Putting Research Into Action
JOUR3421 R52: Writing for Public Relations
The State of Emergency Health Care
Emergency medicine is a complex and costly industry. Navigating the web of legislation, policies, and procedures requires armies of well-trained administrators, physicians, and lawyers. Physician behavior, malpractice litigation, and patient behavior all contribute to the extraordinary costs of emergency medicine.
Becoming an emergency medicine physician isn’t easy. It takes four years for a bachelor’s degree (the current average is five), then four years of medical school, and then years of ongoing training after that. Once one becomes an emergency physician, it doesn’t get much easier. Physicians face many internal and external stressors that can negatively impact their behavior. This in turn, affects everyone around them including co-workers and patients. Some of these stressors include age, gender, personality, school debt (which currently averages about $200,000), the threat of malpractice litigation, training, etc. The most significant unintended consequence of negative physician behavior affects patient safety. Unhappy physicians and staff are more likely to suffer communication issues, judgement errors, or delays in critical care. These communication issues can create combative, moody, apathetic staff who are less productive. Worst case, errors in care can lead to malpractice litigation. Institutions that focus on addressing physicians’ stressors have seen reduced costs by increasing staff morale and performance, as well as reducing employee turnover. (Rosenstein, 2015)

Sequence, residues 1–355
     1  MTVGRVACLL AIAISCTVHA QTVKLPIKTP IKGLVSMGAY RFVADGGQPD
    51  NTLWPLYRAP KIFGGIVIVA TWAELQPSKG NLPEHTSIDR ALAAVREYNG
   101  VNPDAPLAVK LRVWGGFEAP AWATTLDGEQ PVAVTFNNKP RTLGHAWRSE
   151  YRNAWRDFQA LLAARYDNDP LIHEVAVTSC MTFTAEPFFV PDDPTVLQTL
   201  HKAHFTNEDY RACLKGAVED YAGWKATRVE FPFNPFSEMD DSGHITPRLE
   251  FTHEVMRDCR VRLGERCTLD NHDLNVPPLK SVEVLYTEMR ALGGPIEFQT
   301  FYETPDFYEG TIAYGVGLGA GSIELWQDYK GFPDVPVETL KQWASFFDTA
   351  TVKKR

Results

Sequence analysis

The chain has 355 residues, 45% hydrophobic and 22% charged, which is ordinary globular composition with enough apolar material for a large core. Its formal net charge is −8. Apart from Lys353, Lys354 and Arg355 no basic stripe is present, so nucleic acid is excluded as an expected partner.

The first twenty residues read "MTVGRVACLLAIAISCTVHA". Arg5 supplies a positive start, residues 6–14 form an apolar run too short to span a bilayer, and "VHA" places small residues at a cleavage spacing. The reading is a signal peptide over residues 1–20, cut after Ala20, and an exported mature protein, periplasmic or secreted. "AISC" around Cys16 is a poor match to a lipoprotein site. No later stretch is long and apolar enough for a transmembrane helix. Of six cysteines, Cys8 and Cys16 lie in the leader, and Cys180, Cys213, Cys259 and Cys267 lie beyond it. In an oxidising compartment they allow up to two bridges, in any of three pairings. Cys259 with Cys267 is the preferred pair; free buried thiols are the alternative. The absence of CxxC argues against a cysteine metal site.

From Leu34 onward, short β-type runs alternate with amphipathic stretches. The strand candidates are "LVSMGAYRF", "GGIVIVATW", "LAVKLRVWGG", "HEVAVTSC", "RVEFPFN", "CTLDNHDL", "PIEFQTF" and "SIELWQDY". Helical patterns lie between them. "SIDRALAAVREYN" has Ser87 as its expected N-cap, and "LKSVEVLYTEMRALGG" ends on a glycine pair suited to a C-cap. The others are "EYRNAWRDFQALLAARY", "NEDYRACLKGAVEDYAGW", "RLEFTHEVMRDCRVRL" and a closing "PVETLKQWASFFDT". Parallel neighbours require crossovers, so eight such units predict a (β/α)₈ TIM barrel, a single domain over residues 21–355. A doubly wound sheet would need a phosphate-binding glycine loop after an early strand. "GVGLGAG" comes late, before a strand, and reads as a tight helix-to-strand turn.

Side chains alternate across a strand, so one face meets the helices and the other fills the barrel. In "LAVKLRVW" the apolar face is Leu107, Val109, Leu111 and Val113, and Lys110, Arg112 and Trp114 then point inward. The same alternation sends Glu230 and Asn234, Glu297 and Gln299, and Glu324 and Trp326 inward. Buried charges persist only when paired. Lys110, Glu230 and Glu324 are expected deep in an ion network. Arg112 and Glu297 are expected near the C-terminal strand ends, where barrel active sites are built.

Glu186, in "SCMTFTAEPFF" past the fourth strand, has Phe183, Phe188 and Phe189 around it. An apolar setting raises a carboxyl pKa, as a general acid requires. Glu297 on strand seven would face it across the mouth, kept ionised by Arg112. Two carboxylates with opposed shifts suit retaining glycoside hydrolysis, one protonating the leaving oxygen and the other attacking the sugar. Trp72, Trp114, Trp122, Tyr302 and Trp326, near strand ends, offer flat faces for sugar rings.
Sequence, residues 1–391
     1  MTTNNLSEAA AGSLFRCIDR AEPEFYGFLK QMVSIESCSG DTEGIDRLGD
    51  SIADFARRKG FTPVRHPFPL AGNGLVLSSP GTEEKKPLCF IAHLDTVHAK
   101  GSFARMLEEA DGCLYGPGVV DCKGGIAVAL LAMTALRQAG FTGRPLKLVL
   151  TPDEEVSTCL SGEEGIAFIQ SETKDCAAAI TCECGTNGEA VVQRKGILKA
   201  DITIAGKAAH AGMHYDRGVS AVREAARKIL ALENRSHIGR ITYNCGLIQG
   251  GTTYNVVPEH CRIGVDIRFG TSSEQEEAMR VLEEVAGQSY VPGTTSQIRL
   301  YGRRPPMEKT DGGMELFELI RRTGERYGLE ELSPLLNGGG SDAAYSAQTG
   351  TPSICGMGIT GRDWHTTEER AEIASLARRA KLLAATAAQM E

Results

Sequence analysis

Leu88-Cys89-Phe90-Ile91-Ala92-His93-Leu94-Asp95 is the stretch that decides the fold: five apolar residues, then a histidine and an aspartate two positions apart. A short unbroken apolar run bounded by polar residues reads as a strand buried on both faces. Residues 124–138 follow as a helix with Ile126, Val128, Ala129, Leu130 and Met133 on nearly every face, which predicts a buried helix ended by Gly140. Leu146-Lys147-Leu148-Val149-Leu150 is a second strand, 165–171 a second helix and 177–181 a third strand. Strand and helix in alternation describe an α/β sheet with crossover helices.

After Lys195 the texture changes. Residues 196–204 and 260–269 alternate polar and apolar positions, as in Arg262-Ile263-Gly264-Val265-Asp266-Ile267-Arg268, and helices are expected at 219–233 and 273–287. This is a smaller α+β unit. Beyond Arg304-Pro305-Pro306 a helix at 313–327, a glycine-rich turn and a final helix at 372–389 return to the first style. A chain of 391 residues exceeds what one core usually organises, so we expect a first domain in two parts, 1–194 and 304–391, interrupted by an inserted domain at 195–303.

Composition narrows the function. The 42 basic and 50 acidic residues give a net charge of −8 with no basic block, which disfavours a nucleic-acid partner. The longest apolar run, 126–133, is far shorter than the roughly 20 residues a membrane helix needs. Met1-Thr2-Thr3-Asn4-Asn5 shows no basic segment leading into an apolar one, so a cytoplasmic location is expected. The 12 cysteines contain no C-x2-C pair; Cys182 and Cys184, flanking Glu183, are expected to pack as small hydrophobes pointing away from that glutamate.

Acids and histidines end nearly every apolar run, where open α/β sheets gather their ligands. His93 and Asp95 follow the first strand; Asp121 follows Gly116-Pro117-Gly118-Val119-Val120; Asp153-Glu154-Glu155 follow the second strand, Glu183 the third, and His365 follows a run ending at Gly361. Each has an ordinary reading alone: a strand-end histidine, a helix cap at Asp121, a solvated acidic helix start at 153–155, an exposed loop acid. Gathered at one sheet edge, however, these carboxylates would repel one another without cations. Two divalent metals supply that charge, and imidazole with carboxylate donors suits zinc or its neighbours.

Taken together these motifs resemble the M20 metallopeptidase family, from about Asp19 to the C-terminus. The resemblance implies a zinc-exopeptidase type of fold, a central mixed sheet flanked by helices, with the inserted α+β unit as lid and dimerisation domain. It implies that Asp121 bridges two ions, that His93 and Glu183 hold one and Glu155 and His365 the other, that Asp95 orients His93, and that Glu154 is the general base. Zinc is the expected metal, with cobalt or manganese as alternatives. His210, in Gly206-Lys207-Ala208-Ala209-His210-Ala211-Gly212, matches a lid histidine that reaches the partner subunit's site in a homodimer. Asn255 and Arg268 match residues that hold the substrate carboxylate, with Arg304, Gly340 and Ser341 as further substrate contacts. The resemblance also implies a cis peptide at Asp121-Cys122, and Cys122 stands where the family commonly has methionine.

Malpractice litigation in the emergency health care industry is another significant contributor to costs. It is estimated that approximately $210 billion is spent annually on defensive medicine in fear of malpractice litigation. (Waxman, Greenberg, Ridgely, Kellermann, & Heaton, 2014, ¶ 1) It has been generally accepted that malpractice reform is an important step in reducing cost, but more and more voices are beginning to dispute that assumption. A study conducted by Dr. Waxman and colleagues examined three states pre and post tort reform. Their results indicated that reform would have less impact on costs than previously projected. There are alternatives currently being used that are lowering malpractice costs more significantly. For example, Griffin Hospital in Derby, Connecticut, saw its malpractice insurance costs drop 61% in 2012. This was due in part to a new apology and disclosure program that was implemented. The program requires physicians to be upfront with patients when a mistake happens. According to Todd Liu, assistant to the president at Griffin Hospital, “malpractice lawsuits are more likely when patients don’t get a full picture from a doctor about a complication or medical error.” (Bordonaro, 2014) One medical specialty has experienced significant reductions in malpractice-insurance premiums: anesthesiology. In the 1980’s, the American Society of Anesthesiologists completely revamped their procedures, training, & equipment. The death rate from anesthesiology administration fell from 1:6,000 to 1:200,000 over the next 10 years. (Duenwald & Sample, 2013) Other medical specialties have been slow to follow suit. Institutions continue to explore new avenues, apart from tort reform, to reduce malpractice costs.